On Being an Independent Millennial in The Time of Political Extremism
Being labeled as an independent voter usually has many connotations along the lines of “outside thinker”. I would not particularly call myself an outside thinker, but rather I take a stance on what I think is best about each subject independently instead of swearing by an ideology.
Most people would think of me as a conservative considering the way how I talk about modern political issues. But the truth could be farther from that. I was raised by a conservative family who grew up in the time of Reagan and H.W Bush who are in the legends of American Conservatism.
But on Twitter, most people would find me as the normal liberal millennial all people over 40 would hate. I don’t tweet a lot about politics, but when I do it’s usually after Trump does something stupid that usually pisses everyone off. So what gives with me? Am I a liberal or a conservative? The truth is neither. I hate both sides because none of their ideologies are consistent with any of my views.
I usually hate conservatives a lot for being ignorant of the constant changing of our liberal society. Donald Trump unleashed a fury of the every bad type of -ists, -isms, and -ics. Twitter is the absolute worst place to be if you can not stand conservatives because Twitter does not do anything to combat the hate speech and conservative propaganda that usually says “if you’re not with me or Trump, we’ll kill you”.
On the other hand, liberal Twitter is great on roasting Trump or defeating conservative racism, but the extreme leftists can go crazy. My message to liberals is: society can never be this idealistic happy place where everything is free because of our high tax money, it doesn’t work like that. And political correctness is worthless unless the person you’re talking says that they only speak in PC.
But being an independent usually sucks because of America’s two-party system. Most people associate independent voters as “undecided” when elections come around. But the truth is: independents want each issue to be addressed on merit rather than resolving it by sticking to your party’s ideology.
While a larger percentage of American voters identify as independents (39 percent of the electorate, according to Pew) than as Democrats (32 percent) or Republicans (23 percent), those who are aligned with either one of those parties decide to stick with them for their lifetime. And the longer these people stay in their parties, the more extreme they become in promoting their ideology everywhere.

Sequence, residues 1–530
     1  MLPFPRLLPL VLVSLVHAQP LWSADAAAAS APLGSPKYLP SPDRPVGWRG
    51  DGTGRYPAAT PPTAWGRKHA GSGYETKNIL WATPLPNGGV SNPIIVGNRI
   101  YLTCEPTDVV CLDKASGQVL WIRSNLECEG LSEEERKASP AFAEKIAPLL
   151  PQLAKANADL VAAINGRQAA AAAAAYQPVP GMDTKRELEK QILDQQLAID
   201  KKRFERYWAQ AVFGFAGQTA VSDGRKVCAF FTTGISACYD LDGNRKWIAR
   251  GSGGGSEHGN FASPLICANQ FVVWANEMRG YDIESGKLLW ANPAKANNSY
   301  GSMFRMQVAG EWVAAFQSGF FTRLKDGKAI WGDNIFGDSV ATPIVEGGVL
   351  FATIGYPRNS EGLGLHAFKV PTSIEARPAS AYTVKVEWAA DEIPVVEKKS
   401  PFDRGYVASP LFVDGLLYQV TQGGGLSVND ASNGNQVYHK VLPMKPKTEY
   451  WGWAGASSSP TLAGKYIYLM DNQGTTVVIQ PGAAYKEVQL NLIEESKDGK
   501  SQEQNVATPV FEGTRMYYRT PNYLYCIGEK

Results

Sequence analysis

The far-right currently controls the US, to where every side is fighting back to prove which side is better and who’s wrong or right. While the far-left controls most of Northern Europe where everyone lives in a socialist Utopia (doesn’t sound bad to me).
But each party needs to deal with the issues at hand using logic and reasonable thinking instead of jumping straight to the “My views are right so you have to do what we do or else you’re wrong and a *insert political slur*”. When people can finally learn to reason with one another instead of hiding behind their biases, then more issues would be resolved.
A theory I have been formulating involves how people form their political views. The main idea of my theory is that whatever party/side was dominate during the person’s teens, that is who they tend to vote for. An example would include my generation (born in the late 90’s) who, for the most part, identify as strong liberal Democrats because the Democratic Party was dominate during President Obama’s two terms which we grew up in.
While my father and his brothers are strong conservative Republicans because they grew up in the 80’s, when Republican Presidents Reagan and H.W. Bush were dominant in the political landscape. But in any case, people need to learn how to independently think for themselves and to be knowledgeable about different regions and what their beliefs are in the political landscape. After all, it’s not called a landscape for nothing.